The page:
“Happiness is not a goal; it is a by-product.”
“Happiness comes when your work and words are of benefit to yourself and others.”
“When all your desires are distilled;
You will cast just two votes:
To love more,
And be happy.”
Recently a friend said to me, “Your only real mission is to be happy and give others the love that is in your heart.” That comment gave me pause. Is that our mission, our purpose? To be happy and love others? Yes and no.
A couple of years ago I damaged a relationship over a misunderstanding. I told a friend that all I wanted to do was work on being happy. The friend misinterpreted the comment to mean that I was going to be selfish and act hurtfully towards others. My friend then told others and I was treated with indifference among a group of people without ever knowing why. Eventually someone told me what had happened. Besides the unnecessary loss of relationships, what hurt was two incorrect assumptions.
The first incorrect assumption my friend made was that I was talking about specific relationships or situations. In fact, I was talking about my attitude towards life in general. I wanted to stop complaining, stop being negative and start looking for the good. I wanted to practice more gratitude and less grumbling.
The second, and more troubling assumption made, was that being happy is the same as being selfish. I’ve said this before: “Being happy is often the most loving and least selfish thing one can do.” When I’m happy, truly happy, I am more, not less, aware of the needs of others. In fact, it’s often when I am working to meet the needs of others that I am most happy.
Sometimes, to make a point, people say, “I’m going to be a little selfish and take care of myself for a while.” That’s not selfishness; that’s common sense. Not taking care of one’s self is actually the more selfish act. I once knew a man who died from complications from diabetes. He would often say, before he died, “It’s my body and it’s my business.” Perhaps he didn’t realize the stress, grief and pain he was causing when he got part of his leg amputated (twice). Perhaps he didn’t realize the cost he was incurring with emergency phone calls (this was before the advent of the cell phone) or when people had to fly out or take time off to go to his funeral. Taking care of one’s self often assures us that we will live longer, perhaps, but certainly better.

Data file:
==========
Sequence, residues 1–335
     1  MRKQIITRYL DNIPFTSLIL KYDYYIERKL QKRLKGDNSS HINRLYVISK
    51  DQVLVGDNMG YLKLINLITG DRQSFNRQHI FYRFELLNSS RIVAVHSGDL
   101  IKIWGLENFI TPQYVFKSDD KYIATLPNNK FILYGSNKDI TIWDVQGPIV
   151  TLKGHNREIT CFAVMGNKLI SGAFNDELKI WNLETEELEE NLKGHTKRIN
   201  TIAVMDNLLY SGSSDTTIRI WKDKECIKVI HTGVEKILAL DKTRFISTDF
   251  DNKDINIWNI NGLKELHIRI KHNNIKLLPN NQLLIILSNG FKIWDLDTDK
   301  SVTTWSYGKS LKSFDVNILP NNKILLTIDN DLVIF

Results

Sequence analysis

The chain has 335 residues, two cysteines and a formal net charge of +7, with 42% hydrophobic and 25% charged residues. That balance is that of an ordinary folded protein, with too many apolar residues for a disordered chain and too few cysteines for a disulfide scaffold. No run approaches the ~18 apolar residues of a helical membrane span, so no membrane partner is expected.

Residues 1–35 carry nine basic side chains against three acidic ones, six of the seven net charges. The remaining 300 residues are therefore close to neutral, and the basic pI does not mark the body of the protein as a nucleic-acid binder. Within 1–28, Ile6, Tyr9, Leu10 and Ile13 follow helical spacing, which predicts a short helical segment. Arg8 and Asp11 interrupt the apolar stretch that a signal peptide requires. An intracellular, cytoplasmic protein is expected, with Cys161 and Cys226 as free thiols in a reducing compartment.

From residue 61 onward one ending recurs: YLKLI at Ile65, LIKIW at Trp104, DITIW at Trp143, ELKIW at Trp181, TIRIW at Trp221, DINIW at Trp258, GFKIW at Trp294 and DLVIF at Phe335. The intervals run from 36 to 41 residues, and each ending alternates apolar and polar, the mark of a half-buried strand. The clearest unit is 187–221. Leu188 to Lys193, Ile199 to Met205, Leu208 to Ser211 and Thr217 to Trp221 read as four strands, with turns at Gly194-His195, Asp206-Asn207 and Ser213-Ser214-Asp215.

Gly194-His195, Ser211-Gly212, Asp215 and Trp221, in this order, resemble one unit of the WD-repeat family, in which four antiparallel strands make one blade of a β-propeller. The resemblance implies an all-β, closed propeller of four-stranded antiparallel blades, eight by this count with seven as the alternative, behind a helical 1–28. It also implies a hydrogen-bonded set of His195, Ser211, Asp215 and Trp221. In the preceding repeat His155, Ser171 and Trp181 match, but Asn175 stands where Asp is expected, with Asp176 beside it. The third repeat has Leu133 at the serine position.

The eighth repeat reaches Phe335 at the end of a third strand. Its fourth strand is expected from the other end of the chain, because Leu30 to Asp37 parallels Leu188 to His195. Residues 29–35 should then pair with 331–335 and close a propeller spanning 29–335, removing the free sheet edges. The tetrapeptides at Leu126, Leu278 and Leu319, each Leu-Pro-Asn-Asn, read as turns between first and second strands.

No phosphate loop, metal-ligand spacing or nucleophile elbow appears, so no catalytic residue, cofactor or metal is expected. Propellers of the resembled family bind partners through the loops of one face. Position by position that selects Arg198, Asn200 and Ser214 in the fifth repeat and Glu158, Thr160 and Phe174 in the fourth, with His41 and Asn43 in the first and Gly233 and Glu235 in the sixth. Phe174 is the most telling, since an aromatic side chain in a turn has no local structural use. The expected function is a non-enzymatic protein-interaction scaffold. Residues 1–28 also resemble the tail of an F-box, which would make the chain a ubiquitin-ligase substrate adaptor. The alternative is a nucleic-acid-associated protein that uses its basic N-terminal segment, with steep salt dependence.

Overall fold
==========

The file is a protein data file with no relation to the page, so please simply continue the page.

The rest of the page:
Taking care of one’s self probably helps keep one happier, too. In the past, when I have allowed myself to get rundown, I was extremely unhappy during those times. Being unhappy made me self-absorbed and often, unable, to see the needs of others around me. Being unhappy often made me unable to see past my own unhappiness.
So, yes, it is part of my life’s mission to be happy. The thing to remember though is that happiness is not a goal, but a result. It is a result of the second part of my friend’s equation. It is a result of being more loving. While many can (and do) argue that it’s wrong or selfish to want to be happy, few people will argue that it’s wrong to be more loving. But they go together. The happier I am, the more I love. The more I love, the happier I am.
Is this simplistic? It’s not always, but it can be. Sometimes I can be miserable and still do the loving thing. Or I can be so happy that I’m oblivious to the needs of others. To be happy and loving at the same time requires a third factor – to be present in the moment, to be aware of the needs around me. To be more loving means to be more present.
Presence combined with happiness combined with loving kindness is a formidable combination. I can Get Started and Keep Going for a long time with those three attributes.